>I am anticipating adding a D700 to my stable. If I use the >12-24 Nikon DX lens on a D700 can I use it as a full frame >18-24 and over-ride the D700 going to the 5MP DX mode?
Yes, you can choose the image area through the camera menu rather than have it done automatically, if you wish. The 12-24mm will cover the whole FX frame from around 18mm upwards, though bear in mind that the lens wasn't really designed to be used in this way and edge quality may suffer a little compared to using it in DX mode.
>2nd Question: Is the 24-120VR packaged with the D700 a decent >lens; that is, at least as good as a 16-85 or 18-200 on a D300?
You'll get varying opinions about the 24-120mm VR, which may be because different people have different expectations. I have no complaints about my copy, which on a DX camera performs a little better in terms of sharpness and contrast than my wife's 18-200mm. I'm looking forward to trying it on my new D700
And I have made exactly the opposite experience: My 18-200 is superb (at least compared to its price, it cannot meet the 24-70, but come close to it), my 24-120 VR is not that great. I have already seen worse lenses, but I don't use it often. Some people report large tolerances from sample to sample, actually that's something I always doubt. I have used the 24-120 VR on film and wasn't really pleased, then on DX bodies with about the same result. And, honestly, since I do have full frame, I never attached that lens, but may give it a try. If you want to have it as cheap as possible, you might also consider some 3rd party lenses. Some are good (but most of the cheaper ones not really great), some are not.
Turtle and hare. After reading so many disparaging comments about the 24-120 VR, when I got my 24-70 2.8 AF-s I did a comparison and frankly found it difficult to see a major difference in decent light. And handheld low light under 1/30 second the good lens looses it's advantage to the little VR lens.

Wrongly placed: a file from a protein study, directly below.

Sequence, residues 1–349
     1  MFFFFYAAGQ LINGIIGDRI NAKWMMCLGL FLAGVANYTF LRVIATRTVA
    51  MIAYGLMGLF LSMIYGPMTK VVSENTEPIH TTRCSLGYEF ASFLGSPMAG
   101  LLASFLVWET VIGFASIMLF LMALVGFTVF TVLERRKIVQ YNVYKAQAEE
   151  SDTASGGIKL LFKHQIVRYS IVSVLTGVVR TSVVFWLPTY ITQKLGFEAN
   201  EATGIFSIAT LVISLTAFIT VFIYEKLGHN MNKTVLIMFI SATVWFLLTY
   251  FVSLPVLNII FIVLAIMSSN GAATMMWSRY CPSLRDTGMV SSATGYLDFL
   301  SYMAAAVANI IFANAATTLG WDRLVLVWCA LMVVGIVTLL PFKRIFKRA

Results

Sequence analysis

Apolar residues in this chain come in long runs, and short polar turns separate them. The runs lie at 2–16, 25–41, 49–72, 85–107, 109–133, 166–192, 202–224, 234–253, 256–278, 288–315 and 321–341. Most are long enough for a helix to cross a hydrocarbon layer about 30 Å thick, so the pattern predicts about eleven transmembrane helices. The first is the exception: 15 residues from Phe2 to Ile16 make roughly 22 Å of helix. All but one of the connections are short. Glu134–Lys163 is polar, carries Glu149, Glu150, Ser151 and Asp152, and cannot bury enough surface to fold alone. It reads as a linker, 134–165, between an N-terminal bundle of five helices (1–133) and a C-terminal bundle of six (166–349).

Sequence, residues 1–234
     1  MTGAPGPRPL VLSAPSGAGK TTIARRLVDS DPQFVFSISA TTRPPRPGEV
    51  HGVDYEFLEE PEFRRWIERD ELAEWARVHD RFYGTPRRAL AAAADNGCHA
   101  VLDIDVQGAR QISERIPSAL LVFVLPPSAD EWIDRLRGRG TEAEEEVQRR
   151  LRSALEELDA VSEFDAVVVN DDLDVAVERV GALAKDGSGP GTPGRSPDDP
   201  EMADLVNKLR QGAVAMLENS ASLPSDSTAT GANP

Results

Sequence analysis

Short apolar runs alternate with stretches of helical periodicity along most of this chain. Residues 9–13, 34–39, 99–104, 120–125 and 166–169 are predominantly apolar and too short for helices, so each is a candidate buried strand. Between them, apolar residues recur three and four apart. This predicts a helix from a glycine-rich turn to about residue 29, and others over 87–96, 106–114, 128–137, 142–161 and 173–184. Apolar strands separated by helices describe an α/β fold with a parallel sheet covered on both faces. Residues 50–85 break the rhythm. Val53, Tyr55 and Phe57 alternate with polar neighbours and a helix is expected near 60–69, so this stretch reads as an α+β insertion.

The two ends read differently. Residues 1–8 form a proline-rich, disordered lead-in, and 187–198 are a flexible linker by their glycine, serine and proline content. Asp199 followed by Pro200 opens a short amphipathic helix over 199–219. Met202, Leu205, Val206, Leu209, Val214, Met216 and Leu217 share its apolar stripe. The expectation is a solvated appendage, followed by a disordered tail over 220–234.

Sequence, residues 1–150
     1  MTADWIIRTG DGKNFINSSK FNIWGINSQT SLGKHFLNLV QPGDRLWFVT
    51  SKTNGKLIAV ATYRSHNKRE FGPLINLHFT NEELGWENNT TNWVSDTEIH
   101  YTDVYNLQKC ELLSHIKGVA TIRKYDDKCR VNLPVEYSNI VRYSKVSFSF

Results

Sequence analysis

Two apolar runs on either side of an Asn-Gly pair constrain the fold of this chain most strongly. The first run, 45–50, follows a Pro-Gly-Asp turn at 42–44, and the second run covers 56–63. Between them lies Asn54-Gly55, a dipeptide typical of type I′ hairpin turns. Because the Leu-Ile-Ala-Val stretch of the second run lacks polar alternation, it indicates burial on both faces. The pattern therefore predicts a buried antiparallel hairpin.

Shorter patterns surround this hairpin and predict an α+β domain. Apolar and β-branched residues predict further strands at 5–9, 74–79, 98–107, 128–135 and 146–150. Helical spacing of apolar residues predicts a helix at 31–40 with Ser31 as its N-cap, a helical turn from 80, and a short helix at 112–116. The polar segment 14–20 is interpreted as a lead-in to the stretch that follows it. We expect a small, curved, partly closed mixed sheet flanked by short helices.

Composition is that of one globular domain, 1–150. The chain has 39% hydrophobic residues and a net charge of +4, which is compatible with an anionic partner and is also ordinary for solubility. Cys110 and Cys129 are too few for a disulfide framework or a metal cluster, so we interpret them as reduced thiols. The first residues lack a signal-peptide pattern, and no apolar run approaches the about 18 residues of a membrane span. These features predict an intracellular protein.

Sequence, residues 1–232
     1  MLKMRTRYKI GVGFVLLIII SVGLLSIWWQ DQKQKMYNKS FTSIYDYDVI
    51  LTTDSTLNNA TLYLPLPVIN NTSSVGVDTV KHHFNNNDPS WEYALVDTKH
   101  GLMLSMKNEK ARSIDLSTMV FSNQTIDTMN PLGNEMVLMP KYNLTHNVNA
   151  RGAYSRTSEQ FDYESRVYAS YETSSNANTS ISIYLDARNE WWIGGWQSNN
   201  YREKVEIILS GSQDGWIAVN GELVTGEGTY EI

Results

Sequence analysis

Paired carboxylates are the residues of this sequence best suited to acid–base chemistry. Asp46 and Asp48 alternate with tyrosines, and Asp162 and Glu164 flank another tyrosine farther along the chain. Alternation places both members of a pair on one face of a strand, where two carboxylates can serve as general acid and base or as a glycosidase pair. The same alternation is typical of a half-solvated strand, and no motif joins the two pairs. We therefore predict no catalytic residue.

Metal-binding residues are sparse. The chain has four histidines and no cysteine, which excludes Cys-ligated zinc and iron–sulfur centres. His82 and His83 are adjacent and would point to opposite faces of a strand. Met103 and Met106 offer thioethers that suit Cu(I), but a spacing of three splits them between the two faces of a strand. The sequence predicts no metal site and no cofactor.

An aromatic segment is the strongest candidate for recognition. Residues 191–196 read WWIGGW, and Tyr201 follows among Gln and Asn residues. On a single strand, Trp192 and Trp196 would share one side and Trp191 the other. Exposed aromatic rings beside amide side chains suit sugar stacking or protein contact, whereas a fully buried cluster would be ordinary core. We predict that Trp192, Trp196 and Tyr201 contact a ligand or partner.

If you are going to compromise files to less than full resolution, or need slow exposures definately go for it. I got mine off eBay on a fluke $200 purchase (slow weekend and seller with one picture) and will probably relegate it to the D70s but it's light weight, low price and ability to take great 1/8 second images make it a keeper. I wouldn't buy a new one though but try used with return rights.
I've always been satisfied with my 24-120mm. It certainly isn't as sharp as my 28-70 f2.8, but it's still good and it serves a different purpose. It has a great range for a "walking around" lens - good wide angle to short telephoto. The VR more than makes up for its 3.5-5.6 aperture range. Actually, I usually use the VR for interiors where I'm likely to be using the lens as a wide angle, so it's only a half stop slower than my 2.8 lens. The VR also makes it possible to stop down a little more than I otherwise could, which helps the performance. For the times when I just want to have one lens on the camera and explore, this is my first choice. I put more emphasis on composition than on what an image looks like at 100% magnification on a monitor, and the 24-120 gives me the range I want for framing an image. I got it to use with my F5, but that's not my favorite "walking around" camera. The zoom range wasn't what I wanted for my D200. With my D700, I think it's a great match, and will used a lot more when I want to travel light.
It would be naive to suggest the 18-200 is not an excellent all round lens It would also be naive to suggest in some respects the f2.8 zooms cannot do better. Overall the 24-120 is almost as good as the 18-200. It is an older design, has to cover 24x36 and the corners are interesting soft at 24mm at close focus distances - but much less distorted than the 18-200 at 18mm. Apart from 24mm close up it performs well, especially for the price, but it would be naive to suggest the f2.8 zooms cannot sometimes do better. If you cannot exceed the resolving power of A4 paper using it 1 stop down (or any other Nikon lens) either the lens is defective or you need to look at your shooting technique. If you want A2 excellent corner quality wide open it can be beaten by more expensive lenses - that is one reason why more expensive lenses exist
Photography is a bit like archery. A technically better camera, lens or arrow may not hit the target as often as it could if the photographer or archer does not practice enough.